In Cleveland on Monday, convicted sex offender Elias Acevedo Sr. pleaded guilty to two counts of aggravated murder and 295 other counts related to kidnapping and the chronic sexual abuse of his three daughters.
Acevedo was convicted, in part, on DNA evidence from rape kits that were only tested in the wake of the Ariel Castro case. On May 6, 2013, Amanda Berry, Georgina “Gina” DeJesus, and Michelle Knight were rescued after having been kidnapped, held captive, raped and tortured by Castro for over a decade.
When investigators from the Federal Bureau of Investigations’ Violent Crime Task Force first presented Acevedo with evidence that he had chronically abused his three daughters for over thirty years, he denied having done so.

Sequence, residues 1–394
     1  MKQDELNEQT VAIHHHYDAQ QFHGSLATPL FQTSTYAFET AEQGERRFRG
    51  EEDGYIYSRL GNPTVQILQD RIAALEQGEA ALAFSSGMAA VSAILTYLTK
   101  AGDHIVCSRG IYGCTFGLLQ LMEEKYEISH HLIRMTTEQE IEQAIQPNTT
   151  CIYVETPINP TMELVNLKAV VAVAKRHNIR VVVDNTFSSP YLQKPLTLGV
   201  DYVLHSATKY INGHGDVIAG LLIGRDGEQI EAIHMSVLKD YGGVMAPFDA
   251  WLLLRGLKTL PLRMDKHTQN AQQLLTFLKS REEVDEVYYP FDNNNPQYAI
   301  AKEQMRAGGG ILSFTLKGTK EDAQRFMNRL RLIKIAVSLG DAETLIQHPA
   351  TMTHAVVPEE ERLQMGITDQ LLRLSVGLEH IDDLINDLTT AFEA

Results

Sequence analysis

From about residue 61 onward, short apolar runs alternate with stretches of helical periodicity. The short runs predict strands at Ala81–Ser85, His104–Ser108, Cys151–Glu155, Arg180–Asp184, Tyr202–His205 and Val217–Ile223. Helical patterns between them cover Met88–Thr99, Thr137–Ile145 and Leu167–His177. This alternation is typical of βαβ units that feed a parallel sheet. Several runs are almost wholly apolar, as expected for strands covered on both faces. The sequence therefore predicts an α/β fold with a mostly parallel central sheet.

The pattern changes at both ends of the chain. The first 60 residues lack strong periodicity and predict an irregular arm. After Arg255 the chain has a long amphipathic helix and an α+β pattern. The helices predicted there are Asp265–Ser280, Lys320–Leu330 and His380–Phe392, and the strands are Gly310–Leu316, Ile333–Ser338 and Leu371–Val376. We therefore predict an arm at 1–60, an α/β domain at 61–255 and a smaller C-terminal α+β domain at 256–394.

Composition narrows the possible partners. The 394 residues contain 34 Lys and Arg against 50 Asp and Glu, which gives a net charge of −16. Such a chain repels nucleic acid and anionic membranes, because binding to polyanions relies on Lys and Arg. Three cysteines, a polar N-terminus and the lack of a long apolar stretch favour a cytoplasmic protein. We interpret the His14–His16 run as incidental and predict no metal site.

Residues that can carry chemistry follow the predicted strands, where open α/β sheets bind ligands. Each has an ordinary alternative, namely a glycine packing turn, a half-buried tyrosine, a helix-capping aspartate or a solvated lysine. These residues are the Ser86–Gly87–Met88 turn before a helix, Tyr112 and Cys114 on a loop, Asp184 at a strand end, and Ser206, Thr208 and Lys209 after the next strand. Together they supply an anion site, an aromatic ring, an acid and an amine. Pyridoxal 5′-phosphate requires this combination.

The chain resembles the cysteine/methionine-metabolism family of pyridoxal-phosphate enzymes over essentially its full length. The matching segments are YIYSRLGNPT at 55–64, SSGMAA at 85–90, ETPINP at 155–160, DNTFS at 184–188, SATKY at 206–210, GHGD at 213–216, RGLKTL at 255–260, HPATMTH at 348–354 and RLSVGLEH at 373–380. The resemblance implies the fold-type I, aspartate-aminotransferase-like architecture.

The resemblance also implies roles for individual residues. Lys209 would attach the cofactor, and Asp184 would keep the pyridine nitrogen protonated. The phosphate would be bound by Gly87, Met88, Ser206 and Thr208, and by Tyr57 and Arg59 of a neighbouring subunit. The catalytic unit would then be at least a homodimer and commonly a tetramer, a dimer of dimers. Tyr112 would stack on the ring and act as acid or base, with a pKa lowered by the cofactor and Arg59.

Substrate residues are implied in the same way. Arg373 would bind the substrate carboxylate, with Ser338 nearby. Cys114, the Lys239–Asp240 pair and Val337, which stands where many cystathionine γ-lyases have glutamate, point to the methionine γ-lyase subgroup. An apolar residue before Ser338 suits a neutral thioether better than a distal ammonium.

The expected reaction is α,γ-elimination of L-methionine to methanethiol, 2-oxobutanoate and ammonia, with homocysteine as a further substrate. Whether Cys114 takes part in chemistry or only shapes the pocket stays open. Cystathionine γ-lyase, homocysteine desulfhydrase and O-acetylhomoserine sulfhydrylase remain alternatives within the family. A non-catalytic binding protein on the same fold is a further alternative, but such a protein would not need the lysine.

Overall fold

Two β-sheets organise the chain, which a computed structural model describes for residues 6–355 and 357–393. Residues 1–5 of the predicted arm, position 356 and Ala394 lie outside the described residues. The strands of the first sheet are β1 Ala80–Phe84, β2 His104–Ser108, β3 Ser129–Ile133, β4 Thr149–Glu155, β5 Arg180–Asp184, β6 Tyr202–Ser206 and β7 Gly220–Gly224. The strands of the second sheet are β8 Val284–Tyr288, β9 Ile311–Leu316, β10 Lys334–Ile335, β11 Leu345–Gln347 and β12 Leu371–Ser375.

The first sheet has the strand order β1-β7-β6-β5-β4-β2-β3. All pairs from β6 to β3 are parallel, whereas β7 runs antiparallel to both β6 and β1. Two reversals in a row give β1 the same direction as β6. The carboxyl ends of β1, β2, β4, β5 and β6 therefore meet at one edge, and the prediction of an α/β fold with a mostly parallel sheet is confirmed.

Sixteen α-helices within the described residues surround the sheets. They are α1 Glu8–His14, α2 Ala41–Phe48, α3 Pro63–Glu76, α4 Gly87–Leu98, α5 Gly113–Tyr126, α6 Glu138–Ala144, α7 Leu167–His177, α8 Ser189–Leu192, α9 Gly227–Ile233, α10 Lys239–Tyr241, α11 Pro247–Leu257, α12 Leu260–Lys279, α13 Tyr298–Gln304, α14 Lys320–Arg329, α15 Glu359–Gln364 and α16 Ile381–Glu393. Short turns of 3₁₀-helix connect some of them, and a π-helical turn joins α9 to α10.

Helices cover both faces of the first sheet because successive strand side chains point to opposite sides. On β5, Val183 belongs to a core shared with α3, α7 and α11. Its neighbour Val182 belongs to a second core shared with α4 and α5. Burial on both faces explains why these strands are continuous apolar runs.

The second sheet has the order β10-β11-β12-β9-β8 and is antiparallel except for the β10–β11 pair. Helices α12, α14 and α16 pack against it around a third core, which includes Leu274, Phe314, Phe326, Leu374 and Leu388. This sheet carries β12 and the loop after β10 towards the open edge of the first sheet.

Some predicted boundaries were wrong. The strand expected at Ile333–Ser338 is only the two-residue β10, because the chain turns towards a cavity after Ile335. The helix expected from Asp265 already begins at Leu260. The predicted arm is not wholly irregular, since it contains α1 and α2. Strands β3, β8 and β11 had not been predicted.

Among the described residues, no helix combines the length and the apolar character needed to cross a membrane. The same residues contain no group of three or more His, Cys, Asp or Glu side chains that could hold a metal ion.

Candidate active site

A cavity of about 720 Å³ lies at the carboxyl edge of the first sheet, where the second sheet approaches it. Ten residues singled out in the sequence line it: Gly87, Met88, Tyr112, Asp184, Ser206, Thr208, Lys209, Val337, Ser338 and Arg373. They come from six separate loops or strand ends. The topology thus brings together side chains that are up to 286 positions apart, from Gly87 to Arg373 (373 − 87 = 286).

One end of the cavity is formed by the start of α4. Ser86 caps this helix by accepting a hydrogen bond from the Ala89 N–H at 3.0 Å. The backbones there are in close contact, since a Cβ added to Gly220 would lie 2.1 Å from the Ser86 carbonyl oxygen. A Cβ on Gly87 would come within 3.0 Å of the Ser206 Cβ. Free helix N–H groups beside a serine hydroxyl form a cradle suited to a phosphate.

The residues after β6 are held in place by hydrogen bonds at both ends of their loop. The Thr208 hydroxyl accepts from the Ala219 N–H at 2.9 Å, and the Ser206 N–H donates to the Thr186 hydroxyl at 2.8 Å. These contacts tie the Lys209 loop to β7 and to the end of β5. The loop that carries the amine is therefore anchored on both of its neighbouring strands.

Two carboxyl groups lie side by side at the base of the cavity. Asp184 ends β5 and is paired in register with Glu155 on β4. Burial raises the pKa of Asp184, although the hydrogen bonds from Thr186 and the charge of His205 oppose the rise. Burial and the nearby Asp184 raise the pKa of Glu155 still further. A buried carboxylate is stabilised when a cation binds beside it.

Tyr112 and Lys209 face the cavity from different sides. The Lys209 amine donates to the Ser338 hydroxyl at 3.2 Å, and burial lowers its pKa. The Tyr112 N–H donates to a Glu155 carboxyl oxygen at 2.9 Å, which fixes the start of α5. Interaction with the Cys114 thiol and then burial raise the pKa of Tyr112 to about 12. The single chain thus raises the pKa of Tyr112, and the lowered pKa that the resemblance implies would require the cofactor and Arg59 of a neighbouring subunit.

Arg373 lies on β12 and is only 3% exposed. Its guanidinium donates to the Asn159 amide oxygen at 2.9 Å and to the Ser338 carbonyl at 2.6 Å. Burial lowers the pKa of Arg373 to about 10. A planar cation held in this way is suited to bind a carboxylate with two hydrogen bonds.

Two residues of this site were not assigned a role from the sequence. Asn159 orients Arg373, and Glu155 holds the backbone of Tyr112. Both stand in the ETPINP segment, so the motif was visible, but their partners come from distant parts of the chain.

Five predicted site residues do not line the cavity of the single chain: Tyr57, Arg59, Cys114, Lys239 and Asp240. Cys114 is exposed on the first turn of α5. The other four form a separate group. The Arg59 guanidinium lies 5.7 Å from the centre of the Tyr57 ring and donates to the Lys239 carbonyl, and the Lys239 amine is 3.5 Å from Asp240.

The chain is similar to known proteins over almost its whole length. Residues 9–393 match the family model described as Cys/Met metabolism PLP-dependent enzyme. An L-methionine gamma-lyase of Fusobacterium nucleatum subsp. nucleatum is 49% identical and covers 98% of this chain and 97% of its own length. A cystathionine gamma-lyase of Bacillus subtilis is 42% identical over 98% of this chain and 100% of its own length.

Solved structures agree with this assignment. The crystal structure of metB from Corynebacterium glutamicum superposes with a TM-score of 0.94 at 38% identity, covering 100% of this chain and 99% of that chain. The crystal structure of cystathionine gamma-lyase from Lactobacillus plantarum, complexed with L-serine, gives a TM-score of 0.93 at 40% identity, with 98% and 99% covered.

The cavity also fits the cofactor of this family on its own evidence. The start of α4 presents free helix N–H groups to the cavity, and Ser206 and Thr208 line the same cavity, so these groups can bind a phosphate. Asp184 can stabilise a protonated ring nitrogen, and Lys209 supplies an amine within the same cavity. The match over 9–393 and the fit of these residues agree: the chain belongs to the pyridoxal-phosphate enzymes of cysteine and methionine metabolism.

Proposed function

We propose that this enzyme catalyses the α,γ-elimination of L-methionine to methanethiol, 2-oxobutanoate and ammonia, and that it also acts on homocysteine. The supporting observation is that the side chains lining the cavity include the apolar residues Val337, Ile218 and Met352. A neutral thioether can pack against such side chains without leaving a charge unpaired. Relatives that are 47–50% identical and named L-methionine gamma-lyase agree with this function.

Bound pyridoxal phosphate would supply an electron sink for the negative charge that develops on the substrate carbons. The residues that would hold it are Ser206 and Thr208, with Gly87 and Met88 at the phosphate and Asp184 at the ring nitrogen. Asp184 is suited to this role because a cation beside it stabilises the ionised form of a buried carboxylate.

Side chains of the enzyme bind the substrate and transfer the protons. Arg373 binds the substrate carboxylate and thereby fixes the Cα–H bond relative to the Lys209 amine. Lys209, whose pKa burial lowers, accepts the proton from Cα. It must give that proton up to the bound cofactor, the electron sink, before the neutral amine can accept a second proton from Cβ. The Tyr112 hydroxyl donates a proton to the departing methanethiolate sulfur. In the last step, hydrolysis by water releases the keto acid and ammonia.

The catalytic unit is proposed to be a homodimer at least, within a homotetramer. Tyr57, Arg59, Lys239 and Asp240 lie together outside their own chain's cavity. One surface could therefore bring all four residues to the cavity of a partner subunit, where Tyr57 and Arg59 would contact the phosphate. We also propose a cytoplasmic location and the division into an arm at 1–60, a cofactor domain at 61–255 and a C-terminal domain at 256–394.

The FBI then confronted him with evidence that he was involved in the 1995 disappearance of Christina Adkins. At first, Acevedo denied any involvement in Adkins’s disappearance, but when the FBI offered to remove the death penalty from the table, he confessed.
He told them that he had chanced into Adkins while she was five-months pregnant with his cousin’s child. He tried to have sex with her, but she refused, so he raped her. When she threatened to expose him to his wife and cousin, he “snapped” and killed her, storing her body in an unused utility vault, where it remained for 18 years.
Acevedo also confessed to murdering Pamela Pemberton in 1994 after she, too, refused to have sex with him. Only at this point did he admit to having sexually abused his three daughters, chronically, while they lived under his roof.
Cleveland officials consider solving these “cold cases” from the 1990s a victory. A number of serial sex offenders stalked the streets of Cleveland in the 1990s, and because of the backlog of untested rape kits, many thought these cases would never be solved.